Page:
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    Hi Snoonyb and thanks for responding. The brick certainly is a thermal mass!! Make the bathroom hot in summer and cold in winter. The heater in the ceiling is the kind with a heat coil and fan, so it does heat the area, but we can’t leave it on all the time, only while we’re in there.

    I remember liking those heat lamps from when I was a kid, felt like I was getting a suntan! Haven’t seen those lately but I guess they’re still around.

    The door to this bathroom obviously use to be the back door, and I can see from inside the drop ceiling that it had a transom window. Walls were built over it on both the bathroom side and kitchen side. Do you think restoring the transom would let some heat in from the kitchen in the winter?

    It’s such a weird layout to have the bathroom off the kitchen but there’s nothing I can do about that!

    Thanks.
     
    Last edited: Oct 21, 2018
  6. Oct 21, 2018 #6

    Snoonyb

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    Restoring the transom would help, given the comfort heating system you have and running the water will warm the shower floor. However, with the transom open you will probably have some unpleasant air exchanges into the kitchen, or visa-versa, depending upon you culinary abilities.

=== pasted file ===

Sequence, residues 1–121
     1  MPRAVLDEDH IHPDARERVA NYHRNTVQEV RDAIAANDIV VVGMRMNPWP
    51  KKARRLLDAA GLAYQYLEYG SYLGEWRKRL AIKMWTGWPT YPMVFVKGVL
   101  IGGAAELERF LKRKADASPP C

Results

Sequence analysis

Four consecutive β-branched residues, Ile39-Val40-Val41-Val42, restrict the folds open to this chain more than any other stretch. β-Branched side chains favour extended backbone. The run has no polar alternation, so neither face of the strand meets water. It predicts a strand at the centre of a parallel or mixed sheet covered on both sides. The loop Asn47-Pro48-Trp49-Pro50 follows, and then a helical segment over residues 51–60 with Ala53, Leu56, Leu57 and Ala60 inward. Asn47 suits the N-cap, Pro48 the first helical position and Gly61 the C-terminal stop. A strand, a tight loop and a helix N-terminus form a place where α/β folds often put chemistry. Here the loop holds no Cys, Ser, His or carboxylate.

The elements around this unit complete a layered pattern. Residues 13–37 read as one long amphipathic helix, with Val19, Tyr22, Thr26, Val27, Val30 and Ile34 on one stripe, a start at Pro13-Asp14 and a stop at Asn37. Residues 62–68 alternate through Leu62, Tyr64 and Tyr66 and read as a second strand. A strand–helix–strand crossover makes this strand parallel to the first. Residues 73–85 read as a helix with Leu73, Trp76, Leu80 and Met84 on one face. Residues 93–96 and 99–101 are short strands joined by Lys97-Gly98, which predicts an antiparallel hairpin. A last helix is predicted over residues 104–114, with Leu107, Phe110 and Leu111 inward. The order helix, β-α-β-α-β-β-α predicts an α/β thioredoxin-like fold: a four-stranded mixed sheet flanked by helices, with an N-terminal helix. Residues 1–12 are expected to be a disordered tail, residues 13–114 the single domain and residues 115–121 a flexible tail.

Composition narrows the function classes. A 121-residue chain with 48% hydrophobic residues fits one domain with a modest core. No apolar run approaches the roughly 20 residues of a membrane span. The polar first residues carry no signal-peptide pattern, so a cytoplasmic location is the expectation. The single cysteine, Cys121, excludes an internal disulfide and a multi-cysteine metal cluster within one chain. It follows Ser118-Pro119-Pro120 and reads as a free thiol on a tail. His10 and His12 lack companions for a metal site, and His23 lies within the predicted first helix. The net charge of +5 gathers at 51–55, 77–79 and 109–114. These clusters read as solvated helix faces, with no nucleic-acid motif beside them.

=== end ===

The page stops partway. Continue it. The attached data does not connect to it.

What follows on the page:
Could be there was a reason that two working doorways were required between bathrooms and living spaces.
     
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  7. Oct 21, 2018 #7

    Magalee

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    Yes, I know what you are saying! I’m wondering if we can somehow tap into the radiator system, maybe run pipes through the walls to help heat the room since there’s no room for a radiator?
     
  8. Oct 21, 2018 #8

    Snoonyb

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    That question would be better posed to the CO. that services your system.
     
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  9. Oct 21, 2018 #9

    nealtw

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    This guy shows the difference on the right and wrong way to do the heat. It is a hot water system so if you hare using steam, it might not fit.
    If when you remodel you can put electric under the tile too.
     
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  10. Oct 21, 2018 #10

    Magalee

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    Great! Thanks:)
     
  11. Oct 21, 2018 #11

    mabloodhound

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    With your existing hot water heating system you could add either baseboard or a panel heat that attaches to the wall. But I think that when you do your remodel the underfloor will be your best option. And yes, you can run it under the sower floor too.
     
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  12. Oct 21, 2018 #12

    bud16415

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    First off welcome to the forum.